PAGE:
Chinese automaker Geely is launching its own satellite system for autonomous vehicles
One of China's largest automakers is building a satellite network to improve its autonomous driving system.
Geely, which owns Volvo and has invested in flying cars and 600-mile an hour trains, announced on March 3 that it's begun constructing a satellite manufacturing facility it says will produce up to 500 satellites a year. It's invested $326 million in the program.
The company and its chairman Li Shufu have been working on the program since at least 2018, when they announced a partnership with the state-owned China Aerospace Science and Industry Corp. At the time of their partnership announcement, Geely described its would-be satellite system as "a three-dimensional digital transport network for maritime, land and air transportation."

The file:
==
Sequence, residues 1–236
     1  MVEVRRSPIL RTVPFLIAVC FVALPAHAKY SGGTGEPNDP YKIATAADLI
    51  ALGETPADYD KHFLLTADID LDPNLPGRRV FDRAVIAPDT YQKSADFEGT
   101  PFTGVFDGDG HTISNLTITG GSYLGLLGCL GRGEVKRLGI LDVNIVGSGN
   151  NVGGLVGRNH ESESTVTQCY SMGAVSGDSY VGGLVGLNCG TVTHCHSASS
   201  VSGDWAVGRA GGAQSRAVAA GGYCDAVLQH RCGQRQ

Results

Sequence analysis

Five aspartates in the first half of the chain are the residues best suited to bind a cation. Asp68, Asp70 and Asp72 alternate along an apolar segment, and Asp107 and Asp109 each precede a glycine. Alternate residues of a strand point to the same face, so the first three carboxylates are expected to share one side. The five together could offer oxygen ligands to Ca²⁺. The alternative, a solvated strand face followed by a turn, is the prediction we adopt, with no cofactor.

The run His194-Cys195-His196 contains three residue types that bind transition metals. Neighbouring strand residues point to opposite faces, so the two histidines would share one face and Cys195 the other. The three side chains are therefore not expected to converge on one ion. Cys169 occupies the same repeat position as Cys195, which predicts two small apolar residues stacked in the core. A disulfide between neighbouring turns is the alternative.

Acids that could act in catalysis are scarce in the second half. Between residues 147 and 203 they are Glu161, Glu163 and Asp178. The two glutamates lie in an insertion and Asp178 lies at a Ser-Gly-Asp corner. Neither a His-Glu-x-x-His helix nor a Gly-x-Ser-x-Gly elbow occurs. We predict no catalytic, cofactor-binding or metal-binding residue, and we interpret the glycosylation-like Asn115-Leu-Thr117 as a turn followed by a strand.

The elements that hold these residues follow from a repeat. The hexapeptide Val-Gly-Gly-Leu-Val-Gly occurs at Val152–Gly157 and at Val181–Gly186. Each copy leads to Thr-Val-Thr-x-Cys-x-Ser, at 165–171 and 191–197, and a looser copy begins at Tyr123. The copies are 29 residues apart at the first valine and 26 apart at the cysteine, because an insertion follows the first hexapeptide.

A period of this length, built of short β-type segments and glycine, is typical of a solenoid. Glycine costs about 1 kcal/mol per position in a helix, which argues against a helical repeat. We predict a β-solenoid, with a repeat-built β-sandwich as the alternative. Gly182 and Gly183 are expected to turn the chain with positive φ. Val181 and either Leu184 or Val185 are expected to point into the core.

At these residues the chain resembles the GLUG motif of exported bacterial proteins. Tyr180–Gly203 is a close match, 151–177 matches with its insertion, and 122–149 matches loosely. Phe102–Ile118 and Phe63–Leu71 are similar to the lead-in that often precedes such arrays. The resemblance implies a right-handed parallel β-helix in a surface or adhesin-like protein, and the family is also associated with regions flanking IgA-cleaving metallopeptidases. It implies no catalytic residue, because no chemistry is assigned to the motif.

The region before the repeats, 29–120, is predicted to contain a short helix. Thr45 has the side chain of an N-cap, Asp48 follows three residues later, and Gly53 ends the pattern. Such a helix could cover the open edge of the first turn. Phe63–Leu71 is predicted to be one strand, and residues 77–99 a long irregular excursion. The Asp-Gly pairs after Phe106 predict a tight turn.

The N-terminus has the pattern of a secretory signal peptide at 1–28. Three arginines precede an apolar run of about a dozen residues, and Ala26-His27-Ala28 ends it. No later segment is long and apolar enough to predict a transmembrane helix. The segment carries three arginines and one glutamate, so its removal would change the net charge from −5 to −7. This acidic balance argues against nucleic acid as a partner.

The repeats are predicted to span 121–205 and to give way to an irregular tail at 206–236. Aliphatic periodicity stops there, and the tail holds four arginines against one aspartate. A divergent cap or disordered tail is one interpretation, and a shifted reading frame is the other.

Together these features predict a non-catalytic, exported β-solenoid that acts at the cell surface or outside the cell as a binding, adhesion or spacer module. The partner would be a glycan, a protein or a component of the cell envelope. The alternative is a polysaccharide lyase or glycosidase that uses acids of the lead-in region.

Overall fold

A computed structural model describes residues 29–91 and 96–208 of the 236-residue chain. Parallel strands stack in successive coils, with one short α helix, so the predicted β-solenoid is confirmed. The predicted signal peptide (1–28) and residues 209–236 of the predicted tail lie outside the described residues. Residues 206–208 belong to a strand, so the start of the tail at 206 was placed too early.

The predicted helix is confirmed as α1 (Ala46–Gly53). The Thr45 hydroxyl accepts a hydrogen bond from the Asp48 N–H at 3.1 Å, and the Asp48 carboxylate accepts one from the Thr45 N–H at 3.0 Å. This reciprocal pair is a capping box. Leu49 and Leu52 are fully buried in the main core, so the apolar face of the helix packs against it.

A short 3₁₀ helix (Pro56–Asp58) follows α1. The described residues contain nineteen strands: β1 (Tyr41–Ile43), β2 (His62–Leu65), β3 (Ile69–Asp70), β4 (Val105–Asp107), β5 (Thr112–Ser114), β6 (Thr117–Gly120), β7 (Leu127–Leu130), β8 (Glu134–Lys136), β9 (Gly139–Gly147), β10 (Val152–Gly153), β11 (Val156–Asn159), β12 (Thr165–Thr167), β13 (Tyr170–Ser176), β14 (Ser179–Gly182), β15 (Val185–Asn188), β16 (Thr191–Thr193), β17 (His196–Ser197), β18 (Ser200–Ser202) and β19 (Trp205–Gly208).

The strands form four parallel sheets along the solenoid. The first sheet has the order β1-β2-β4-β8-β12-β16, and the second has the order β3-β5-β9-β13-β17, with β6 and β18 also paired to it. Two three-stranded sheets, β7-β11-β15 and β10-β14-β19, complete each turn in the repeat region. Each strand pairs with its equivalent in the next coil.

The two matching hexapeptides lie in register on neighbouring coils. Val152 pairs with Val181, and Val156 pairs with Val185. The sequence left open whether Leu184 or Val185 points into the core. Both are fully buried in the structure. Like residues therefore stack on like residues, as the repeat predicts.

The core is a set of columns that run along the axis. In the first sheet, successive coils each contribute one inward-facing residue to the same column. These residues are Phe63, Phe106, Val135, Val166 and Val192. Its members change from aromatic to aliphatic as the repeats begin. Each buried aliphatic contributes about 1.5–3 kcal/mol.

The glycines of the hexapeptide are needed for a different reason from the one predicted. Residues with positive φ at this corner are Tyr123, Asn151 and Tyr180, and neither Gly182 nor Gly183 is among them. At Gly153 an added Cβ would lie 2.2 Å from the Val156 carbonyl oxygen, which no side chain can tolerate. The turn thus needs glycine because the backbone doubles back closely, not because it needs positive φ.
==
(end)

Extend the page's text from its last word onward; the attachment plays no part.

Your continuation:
Shufu is betting his low-orbit system will be more accurate than the US-built GPS or perhaps even BeiDou, China's national satellite positioning network. It is not known whether Geely's system will complement BeiDou.
GPS and other legacy systems lack the accuracy needed to safely deploy autonomous vehicles, Geely said. A new, low-orbit system could help build "more accurate navigation systems that can pinpoint locations by the centimetre, not metres."